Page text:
Twista: Never Tongue Tied
Now as 2007 marks a decade since his highly acclaimed Adrenaline Rush was pushed to Hip-Hop aficionados he is gearing up to take his creativity full circle with Adrenaline Rush 2007. Putting out a product that will heat up the Summer and reaffirm his position as Capo of the Midwest, Twista is ready for it all. He may have been off the Billboard chart for a couple of years but newspaper columns, soundtrack contributions and prepping for this album, have kept him in training for his 2007 comeback.
Talking exclusively to HipHopDX.com, Twista explained why he changed up his formula on the last project, he shares his opinion on the dreaded internet leak and he gives us his outlook on maintaining relativity.
HHDX: When you go back to when you put out the first Adrenaline Rush in 1997, how has Hip-Hop changed for you over those ten years?
Twista: Man... it has definitely got real prosperous and I was glad to see so many artists be able to make the money they are making and be able to take care of their families and things like that. It constantly changes but the one thing that I see that never changes is that it is a youth music and even though you have older people that like it too, the hottest stuff that is always going to be hot is the stuff that the new young innovative artists bring out.
HHDX: Does that bother you?
Twista: No. You just have to be able to re-create yourself all the time. You start getting too old and then stop being concerned with what are the hottest sneakers and what the hottest outfit is, then that is what makes you fall off a little. You have to keep your ear to the street and stay youthful about it. It is a competitive thing and you cant hate.
HHDX: So would you agree with Jay Z then that thirty something is the new twenty something?
Twista: I love that song and to me what makes a cool rapper is when you are able to take people into your world. You know that the twenties are the twenties, but for him to be able to flip that and talk about the black cards, he made it seem cool to be thirty. That song definitely helped me keep going forward and keep things moving.
HHDX: Because Hip-Hop is such an ageist genre of music, do you feel pressure every time you are coming out with a new project to approach things differently?
Twista: Not necessarily to approach things differently, but to satisfy them. Part of if you are leaving them satisfied or not is if your particular fan base wants you to come the same or if they want you to come different. Every artist is different; an Outkast fan may be used to them switching up so they may expect them to come with something different and if they were to come with something different, they may not feel them. Whereas say an Ice Cube or a Scarface, if they come too different, without that raw street element, then their fans might not be feeling them. It is a thin line with me as I am always trying to figure out what is the best niche for the next album and you are right, I do feel pressure but it is a good pressure. It is not a feared pressure or a bad one, it is a good one.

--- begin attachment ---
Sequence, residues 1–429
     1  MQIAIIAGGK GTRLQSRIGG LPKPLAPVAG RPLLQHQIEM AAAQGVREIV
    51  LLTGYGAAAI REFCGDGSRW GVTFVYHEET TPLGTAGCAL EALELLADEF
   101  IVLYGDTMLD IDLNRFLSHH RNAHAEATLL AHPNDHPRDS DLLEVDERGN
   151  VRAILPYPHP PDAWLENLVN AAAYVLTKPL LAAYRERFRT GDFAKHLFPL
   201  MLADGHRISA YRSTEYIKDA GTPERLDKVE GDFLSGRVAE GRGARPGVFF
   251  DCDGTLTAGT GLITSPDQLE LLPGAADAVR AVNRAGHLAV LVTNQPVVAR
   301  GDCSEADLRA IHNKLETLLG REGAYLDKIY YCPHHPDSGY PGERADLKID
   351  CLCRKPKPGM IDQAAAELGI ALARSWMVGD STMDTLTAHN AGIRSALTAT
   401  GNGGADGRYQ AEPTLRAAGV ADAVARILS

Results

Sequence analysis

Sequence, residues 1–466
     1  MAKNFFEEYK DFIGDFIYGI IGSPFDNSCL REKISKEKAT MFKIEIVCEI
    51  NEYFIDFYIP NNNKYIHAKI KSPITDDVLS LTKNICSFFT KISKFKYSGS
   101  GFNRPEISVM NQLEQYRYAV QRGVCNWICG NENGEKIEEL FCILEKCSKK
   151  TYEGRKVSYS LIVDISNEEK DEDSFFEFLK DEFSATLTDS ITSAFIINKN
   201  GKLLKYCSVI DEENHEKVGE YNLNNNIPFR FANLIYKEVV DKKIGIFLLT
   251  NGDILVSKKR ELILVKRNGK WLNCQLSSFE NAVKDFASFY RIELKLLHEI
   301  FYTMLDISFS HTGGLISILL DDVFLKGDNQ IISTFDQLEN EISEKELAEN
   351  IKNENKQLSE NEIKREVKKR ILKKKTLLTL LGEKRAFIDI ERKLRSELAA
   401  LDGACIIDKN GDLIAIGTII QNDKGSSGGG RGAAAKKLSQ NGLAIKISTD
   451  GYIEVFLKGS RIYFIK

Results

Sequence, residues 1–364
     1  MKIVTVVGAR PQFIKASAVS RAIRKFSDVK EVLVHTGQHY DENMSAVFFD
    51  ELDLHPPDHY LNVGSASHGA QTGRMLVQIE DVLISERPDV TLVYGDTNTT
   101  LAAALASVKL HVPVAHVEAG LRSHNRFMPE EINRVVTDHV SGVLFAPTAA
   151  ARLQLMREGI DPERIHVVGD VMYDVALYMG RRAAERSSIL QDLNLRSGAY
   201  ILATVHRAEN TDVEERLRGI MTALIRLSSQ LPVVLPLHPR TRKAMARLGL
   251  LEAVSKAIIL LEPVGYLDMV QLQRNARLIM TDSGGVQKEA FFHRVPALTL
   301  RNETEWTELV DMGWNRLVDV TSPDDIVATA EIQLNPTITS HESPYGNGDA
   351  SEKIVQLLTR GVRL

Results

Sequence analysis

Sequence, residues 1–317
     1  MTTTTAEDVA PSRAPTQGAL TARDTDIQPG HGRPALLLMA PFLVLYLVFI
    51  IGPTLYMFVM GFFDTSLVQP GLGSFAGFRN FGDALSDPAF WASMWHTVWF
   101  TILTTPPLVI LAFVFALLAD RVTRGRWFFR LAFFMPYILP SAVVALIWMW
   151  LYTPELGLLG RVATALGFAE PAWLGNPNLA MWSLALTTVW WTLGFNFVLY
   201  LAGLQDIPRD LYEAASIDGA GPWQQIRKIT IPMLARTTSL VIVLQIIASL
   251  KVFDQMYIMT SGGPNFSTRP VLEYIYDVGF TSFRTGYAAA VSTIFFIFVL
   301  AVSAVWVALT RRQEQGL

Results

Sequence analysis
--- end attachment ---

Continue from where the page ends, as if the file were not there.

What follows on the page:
HHDX: Dont you find that it is easier to deal with pressure as you get older?
Twista: An OG artist deals with pressure better than a rookie and especially with me as I had success in my career late like that, it helped me out with a lot of business decisions and I feel like an elder in the rap game, so it is easy for me to make decisions.
HHDX: The Day After came out in 2005, although it went plainum, it seemed to bother a lot of critics and fans with the content. What are we to expect with this new album?
Twista: The content is like Adrenaline Rush, meaning that when I wrote The Day After it was all experiences, from the perspective of hey I am successful and what I see every day on the road. I was going out to different clubs and seeing different women and when you listened to that album you could say Twista is making this album while on the road, as I was writing about everything I was seeing. With Adrenaline Rush I wanted to bring them back just a little bit to that sound as some of the fans felt like I alienated them slightly with so many songs that I had on The Day After.
HHDX: So you recognized that some of your hardcore fans were a little perplexed with that album?